Threat Database Malware SIGNBT Malware

SIGNBT Malware

The Lazarus Group, which is associated with North Korea, has been identified as the perpetrator of a recent cyber campaign. In this operation, an unidentified software vendor fell victim to an attack facilitated by exploiting well-known security vulnerabilities in a prominent software. The series of attacks ultimately led to the introduction of threatening software families, including SIGNBT.

Furthermore, the attackers made use of a widely recognized hacking tool commonly employed by this threat actor for activities such as profiling potential victims and delivering payloads. This tool is referred to as LPEClient in tracking efforts.

The APT (Advanced Persistent Threat) Hacker Group Targeted the Same Victim Repeatedly

The utilization of the SIGNBT malware in this attack demonstrated a multifaceted infection process and employed advanced techniques. The Lazarus Group persisted in exploiting vulnerabilities within the targeted company's software with the aim of compromising other software developers. In their most recent activities, several victims have been identified as of mid-July 2023.

These victims were subjected to an attack via legitimate security software designed for encrypting web communications through digital certificates. The software's name was not disclosed, and the precise method through which it was weaponized to distribute SIGNBT remains undisclosed.

In addition to employing a range of strategies to establish and maintain a foothold on compromised systems, the attack sequences employed an in-memory loader that served as a conduit for launching the SIGNBT malware.

SIGNBT Malware Contacts a C2 Server for Additional Instructions

The primary purpose of SIGNBT is to establish communication with a remote server and retrieve further instructions for execution on the infected host. This malware earns its name from its use of distinct strings that are prefixed with "SIGNBT" in its HTTP-based command-and-control (C2) communications:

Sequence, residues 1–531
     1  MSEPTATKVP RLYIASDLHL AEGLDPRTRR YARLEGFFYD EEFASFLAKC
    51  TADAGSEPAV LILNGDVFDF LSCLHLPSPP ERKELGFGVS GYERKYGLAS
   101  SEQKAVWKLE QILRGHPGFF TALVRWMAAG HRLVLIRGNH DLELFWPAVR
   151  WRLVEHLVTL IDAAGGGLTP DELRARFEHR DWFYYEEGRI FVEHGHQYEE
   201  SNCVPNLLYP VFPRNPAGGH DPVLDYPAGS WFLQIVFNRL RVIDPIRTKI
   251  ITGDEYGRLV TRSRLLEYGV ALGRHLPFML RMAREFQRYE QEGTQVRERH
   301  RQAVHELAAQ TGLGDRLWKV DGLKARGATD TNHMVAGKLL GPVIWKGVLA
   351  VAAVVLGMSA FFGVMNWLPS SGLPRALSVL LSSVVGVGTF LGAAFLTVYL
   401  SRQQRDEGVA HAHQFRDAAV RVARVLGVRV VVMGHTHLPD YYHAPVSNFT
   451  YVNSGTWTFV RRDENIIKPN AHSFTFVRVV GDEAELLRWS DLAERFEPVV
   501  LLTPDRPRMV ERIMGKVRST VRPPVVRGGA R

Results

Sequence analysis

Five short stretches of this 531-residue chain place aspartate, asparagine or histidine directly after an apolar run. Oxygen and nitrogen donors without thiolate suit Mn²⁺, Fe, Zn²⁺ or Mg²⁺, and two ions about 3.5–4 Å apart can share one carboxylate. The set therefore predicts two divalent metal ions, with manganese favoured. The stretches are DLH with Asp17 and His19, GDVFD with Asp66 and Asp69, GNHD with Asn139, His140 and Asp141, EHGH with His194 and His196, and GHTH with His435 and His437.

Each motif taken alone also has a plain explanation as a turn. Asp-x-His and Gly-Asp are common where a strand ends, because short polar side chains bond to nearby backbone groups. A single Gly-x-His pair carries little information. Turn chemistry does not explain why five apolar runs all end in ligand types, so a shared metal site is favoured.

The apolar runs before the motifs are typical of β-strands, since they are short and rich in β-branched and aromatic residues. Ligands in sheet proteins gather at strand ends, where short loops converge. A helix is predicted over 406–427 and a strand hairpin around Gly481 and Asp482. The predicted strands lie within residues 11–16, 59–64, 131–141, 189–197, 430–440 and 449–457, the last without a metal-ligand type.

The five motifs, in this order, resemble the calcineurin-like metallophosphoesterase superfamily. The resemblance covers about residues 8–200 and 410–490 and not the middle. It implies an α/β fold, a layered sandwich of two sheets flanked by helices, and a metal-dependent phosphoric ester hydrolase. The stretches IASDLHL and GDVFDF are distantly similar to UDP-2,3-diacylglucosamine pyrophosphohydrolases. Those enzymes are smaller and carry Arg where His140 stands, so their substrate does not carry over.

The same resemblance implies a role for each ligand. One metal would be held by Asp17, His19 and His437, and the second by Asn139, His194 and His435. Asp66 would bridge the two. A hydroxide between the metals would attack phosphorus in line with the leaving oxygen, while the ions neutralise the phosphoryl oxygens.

• SIGNBTLG, for the initial connection
  •  SIGNBTKE, for collecting system metadata upon receiving a SUCCESS message from the C2 server
  •  SIGNBTGC, for fetching commands
  •  SIGNBTFI, for handling communication failures
  •  SIGNBTSR, for indicating successful communication

Meanwhile, the Windows backdoor is equipped with a wide array of capabilities aimed at gaining control over the victim's system. These capabilities include enumerating processes, performing file and directory operations, and deploying payloads like LPEClient and other tools for extracting credentials.

The Lazarus Group Continues to Evolve Its Techniques and Malware Arsenal

Just in 2023, researchers have identified a minimum of three distinct Lazarus campaigns. These campaigns employed various intrusion methods and infection procedures. However, they consistently utilized the LPEClient malware to deliver the final-stage unsafe software.

One of these campaigns played a pivotal role in introducing an implant known as Gopuram. This implant was employed in cyberattacks directed at cryptocurrency companies, using a tampered version of the 3CX voice and video conferencing software.

These recent findings exemplify ongoing North Korean-linked cyber operations and underscore the Lazarus Group's continuous development and expansion of its arsenal of tools, strategies, and techniques. The Lazarus Group remains an active and adaptable threat actor in the contemporary cybersecurity landscape.


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